bread


bread

Baked food product. It is made of flour or meal that is moistened into a dough, kneaded, and usually leavened with yeast. A major food since prehistoric times, bread has been made worldwide in various forms using a variety of ingredients and methods. Flat, unleavened bread, the earliest form, is still eaten in the Middle East, Asia, and Africa. The principal grains used in such breads are wheat, barley, millet, buckwheat, rye, and corn. Raised bread, common in Europe and the U.S., is usually made of wheat or rye. Both contain the elastic protein substance gluten, which traps gas produced by fermentation during leavening, helping the bread to rise. While the simplest breads contain only flour, water, and yeast, other common ingredients are milk, shortening (fats, butter, oils), salt, eggs, and sugar. Bread is a source of complex carbohydrates and B vitamins (see vitamin B complex); whole-wheat bread contains more protein, vitamins, minerals, and fibre than white-flour bread. See also baking.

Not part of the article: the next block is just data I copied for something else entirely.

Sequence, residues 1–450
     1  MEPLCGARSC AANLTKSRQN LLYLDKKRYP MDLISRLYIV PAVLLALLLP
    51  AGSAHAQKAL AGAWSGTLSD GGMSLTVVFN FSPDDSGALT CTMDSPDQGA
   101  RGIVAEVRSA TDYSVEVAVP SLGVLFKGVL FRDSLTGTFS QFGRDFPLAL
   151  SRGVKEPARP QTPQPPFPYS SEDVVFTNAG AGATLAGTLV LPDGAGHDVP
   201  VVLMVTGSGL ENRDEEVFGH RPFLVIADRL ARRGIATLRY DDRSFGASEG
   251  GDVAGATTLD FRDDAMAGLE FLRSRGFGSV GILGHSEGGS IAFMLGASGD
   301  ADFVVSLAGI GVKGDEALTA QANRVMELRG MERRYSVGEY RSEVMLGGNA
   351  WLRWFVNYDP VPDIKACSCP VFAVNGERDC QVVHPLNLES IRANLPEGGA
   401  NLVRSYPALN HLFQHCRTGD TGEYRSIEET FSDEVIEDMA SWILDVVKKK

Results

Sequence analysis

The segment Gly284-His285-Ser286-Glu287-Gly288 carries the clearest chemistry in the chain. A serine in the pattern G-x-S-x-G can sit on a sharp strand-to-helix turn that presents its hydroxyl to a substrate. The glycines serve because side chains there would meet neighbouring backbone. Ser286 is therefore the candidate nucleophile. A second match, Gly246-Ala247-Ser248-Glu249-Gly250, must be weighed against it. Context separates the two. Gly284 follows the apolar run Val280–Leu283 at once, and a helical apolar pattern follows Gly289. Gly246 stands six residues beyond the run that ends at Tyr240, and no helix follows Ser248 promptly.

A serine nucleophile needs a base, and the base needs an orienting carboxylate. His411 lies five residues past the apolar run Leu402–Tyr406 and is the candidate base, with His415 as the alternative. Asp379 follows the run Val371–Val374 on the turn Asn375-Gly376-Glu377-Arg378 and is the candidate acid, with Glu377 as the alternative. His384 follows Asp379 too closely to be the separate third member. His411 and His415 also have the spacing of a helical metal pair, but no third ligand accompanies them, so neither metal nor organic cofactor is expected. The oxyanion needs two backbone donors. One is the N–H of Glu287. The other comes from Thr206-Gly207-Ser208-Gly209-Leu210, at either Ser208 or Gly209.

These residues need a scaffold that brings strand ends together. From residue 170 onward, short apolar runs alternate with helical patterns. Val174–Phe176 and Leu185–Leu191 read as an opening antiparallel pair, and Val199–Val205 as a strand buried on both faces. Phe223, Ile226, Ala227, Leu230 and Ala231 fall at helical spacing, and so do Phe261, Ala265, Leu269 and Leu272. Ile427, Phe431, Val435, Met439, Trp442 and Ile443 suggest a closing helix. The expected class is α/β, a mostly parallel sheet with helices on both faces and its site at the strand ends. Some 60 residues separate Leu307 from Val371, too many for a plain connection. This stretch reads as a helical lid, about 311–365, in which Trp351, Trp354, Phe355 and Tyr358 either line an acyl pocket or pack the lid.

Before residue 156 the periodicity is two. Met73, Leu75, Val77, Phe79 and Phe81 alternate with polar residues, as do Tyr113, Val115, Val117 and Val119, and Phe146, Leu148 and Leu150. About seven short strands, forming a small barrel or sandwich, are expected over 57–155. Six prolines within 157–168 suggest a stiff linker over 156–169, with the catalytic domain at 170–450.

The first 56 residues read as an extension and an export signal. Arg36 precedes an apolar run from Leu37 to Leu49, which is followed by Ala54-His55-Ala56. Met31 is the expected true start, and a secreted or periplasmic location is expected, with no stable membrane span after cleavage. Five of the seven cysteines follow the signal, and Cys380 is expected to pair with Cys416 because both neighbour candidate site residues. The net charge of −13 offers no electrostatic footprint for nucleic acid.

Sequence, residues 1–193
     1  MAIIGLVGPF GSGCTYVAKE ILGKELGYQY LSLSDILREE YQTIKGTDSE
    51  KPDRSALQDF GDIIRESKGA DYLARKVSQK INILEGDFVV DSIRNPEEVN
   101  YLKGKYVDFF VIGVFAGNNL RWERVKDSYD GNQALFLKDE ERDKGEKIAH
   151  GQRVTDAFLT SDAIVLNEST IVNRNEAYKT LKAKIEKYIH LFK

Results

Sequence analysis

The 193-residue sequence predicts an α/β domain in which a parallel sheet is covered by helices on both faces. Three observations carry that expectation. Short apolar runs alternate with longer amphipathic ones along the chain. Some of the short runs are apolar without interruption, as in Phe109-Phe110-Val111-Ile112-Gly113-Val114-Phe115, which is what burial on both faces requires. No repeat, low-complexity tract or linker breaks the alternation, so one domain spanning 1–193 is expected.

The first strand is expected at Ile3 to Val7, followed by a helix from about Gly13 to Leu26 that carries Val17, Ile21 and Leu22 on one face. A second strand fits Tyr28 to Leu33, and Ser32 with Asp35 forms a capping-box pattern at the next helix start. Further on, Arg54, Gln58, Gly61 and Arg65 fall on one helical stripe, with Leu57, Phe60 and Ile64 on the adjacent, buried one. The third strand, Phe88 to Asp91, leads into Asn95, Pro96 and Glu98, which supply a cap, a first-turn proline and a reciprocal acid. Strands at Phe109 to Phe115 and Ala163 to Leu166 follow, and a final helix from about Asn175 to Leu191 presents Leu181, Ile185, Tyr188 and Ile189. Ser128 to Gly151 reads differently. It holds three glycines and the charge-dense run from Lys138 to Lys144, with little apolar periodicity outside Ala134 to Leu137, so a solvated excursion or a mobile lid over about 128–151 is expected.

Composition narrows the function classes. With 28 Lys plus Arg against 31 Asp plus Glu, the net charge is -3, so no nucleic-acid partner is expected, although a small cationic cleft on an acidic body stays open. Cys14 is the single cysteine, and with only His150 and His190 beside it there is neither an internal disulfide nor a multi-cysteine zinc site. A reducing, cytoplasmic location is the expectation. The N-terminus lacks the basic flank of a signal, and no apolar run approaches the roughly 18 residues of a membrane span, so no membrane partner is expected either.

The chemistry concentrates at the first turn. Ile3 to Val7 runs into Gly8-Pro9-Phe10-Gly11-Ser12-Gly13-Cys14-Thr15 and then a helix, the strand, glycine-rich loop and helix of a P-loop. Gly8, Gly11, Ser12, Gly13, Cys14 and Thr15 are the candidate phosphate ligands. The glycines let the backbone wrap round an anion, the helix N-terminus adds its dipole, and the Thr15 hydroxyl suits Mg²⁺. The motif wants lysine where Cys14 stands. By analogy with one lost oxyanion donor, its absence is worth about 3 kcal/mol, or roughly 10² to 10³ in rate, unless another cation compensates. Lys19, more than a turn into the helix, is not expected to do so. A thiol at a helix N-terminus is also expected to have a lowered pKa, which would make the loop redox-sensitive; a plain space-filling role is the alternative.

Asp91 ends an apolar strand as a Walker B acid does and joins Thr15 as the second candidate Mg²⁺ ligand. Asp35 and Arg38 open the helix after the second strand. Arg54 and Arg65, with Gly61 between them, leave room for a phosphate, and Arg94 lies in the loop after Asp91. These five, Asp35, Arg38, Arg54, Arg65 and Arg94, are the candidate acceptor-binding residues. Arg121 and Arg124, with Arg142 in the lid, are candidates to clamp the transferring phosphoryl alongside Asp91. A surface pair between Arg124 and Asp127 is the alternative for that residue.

This entry comes from Encyclopædia Britannica Concise.
For the full entry on bread, visit Britannica.com.

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